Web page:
PUERTO TRIUNFO, Colombia — African animals bought with the spoils of one of the world’s most infamous drug traffickers are these days on show for thousands of tourists in a Colombian ecopark.
Hacienda Napoles, a 1,800-hectare (seven-square-mile) property bought in 1978 by Pablo Escobar — the then head of the Medellin drug cartel — still lay in ruin five years ago.
The small twin-engined airplane which, according to legend, carried the first load of cocaine sent by Escobar to the United States had disappeared, but luxury vehicles lay rusting around the vast property.
Neighboring villagers barely dared venture there for fear of retaliation from supporters of the drug lord, although some slipped in at night in search of wads of dollars and jewellry rumoured to be buried in the grounds.
The Colombian state seized Escobar’s private zoo after the drug trafficker — who was once listed by Forbes magazine as one of the 10 richest people in the world — was killed by police in 1993.
Many of the abandoned African animals died of hunger, while the property, including several lakes, stables and even a bullring, fell into ruin.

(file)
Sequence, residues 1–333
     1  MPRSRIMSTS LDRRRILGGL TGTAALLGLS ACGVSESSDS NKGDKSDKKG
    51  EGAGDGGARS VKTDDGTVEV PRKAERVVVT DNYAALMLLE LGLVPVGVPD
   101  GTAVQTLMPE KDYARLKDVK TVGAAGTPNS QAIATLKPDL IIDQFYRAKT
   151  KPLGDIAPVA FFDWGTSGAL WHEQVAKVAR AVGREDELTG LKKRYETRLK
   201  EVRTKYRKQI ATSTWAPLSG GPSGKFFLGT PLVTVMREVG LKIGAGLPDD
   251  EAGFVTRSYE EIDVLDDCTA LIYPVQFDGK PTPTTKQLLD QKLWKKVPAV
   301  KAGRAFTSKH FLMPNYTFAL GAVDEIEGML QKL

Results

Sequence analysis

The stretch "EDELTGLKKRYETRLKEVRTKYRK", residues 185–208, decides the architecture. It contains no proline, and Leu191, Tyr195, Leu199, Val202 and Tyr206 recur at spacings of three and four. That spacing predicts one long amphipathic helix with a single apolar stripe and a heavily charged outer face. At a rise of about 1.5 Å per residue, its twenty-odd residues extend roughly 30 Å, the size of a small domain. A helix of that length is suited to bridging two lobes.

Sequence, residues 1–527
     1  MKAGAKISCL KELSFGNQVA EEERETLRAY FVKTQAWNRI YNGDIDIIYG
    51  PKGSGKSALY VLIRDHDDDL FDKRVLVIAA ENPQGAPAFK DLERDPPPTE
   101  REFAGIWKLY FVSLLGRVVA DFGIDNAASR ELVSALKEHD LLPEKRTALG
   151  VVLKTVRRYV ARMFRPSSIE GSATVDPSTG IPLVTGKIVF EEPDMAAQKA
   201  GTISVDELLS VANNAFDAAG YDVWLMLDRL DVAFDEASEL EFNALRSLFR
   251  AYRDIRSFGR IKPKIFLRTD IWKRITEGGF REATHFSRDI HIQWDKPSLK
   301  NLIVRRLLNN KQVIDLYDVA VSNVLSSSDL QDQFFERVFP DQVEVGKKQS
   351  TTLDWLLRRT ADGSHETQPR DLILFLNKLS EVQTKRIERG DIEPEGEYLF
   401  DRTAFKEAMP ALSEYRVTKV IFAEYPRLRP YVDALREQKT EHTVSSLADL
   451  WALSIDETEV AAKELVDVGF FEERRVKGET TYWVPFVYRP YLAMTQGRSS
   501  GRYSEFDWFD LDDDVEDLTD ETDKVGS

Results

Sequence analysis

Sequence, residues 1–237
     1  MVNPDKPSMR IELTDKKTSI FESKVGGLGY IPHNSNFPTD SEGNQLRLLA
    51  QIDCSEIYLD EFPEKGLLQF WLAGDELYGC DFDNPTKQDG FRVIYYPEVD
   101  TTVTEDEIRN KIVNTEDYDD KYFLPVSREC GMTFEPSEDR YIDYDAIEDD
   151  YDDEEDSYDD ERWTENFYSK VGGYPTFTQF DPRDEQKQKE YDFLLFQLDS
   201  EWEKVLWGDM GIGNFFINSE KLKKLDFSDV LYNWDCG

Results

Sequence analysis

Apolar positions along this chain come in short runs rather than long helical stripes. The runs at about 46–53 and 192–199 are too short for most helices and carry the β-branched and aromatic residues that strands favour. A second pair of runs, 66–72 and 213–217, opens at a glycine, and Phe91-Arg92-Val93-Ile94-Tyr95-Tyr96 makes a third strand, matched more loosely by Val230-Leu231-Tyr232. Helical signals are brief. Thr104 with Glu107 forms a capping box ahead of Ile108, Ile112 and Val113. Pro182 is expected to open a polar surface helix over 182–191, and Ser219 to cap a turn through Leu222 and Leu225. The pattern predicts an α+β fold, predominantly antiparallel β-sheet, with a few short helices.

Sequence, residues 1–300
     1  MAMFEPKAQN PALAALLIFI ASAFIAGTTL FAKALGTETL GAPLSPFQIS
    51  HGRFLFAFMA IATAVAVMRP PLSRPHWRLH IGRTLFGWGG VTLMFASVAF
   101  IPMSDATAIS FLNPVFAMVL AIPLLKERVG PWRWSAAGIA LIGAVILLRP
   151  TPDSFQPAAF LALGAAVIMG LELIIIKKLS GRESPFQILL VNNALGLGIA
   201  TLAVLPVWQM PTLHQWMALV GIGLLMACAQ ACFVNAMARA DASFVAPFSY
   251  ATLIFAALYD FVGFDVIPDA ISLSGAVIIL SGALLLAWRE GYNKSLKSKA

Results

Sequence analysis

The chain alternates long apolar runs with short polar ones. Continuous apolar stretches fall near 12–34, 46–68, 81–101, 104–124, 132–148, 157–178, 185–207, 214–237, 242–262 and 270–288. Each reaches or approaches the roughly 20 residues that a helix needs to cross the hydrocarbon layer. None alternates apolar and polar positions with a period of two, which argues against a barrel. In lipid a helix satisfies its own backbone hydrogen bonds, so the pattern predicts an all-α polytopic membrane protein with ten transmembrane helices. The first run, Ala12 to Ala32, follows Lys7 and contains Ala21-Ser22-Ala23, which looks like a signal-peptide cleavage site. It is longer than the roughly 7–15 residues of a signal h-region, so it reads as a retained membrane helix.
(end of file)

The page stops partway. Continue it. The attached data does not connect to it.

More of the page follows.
“The upkeep of the hacienda was expensive for the state,” said Omar Figueroa, a member of the national anti-drug squad in charge of seizing property from drug traffickers.
Local authorities later took over control of the estate, Figueroa said, and in 2005, they began renovating Puerto Triunfo, which is some 250 kilometers (155 miles) northwest of Colombian capital Bogota.
Around 50,000 tourists, one third of which are foreigners, visit each year.
With a view to attracting up to half a million tourists annually, the site’s administrators plan to build a five star hotel by 2011, and hope to make use of the long airstrip formally used to transport cocaine.
Many tourists are attracted to exciting tales about the life of the notoriously violent and successful drug trafficker.
“We’re not seeking to justify the crime. The main message is to demonstrate the damage he did to the country and the world,” insisted administrator Oberan Martinez.
One tourist, Juliana Rodriguez, underlined the paradox between the “beauty of the site” alongside thoughts of the “murders that were directed from here”.
As well as listening to tales of drug operations, visitors wandering around the vast hacienda also stumble upon the remaining exotic animals, including around 20 hippos.
Escobar bought two hippos over from Africa, and they later bred in the Latin American country where they previously did not exist.
Some tourists explore the property on horseback or wander around the ruins of Escobar’s house, in which photographs of the drug lord and the attacks he was blamed for are on display.
“You can’t help feeling admiration for Pablo because he managed to take over so many things, but there’s also a lot of pain,” said tourist Monica Velandia.
“He built it all in blood.”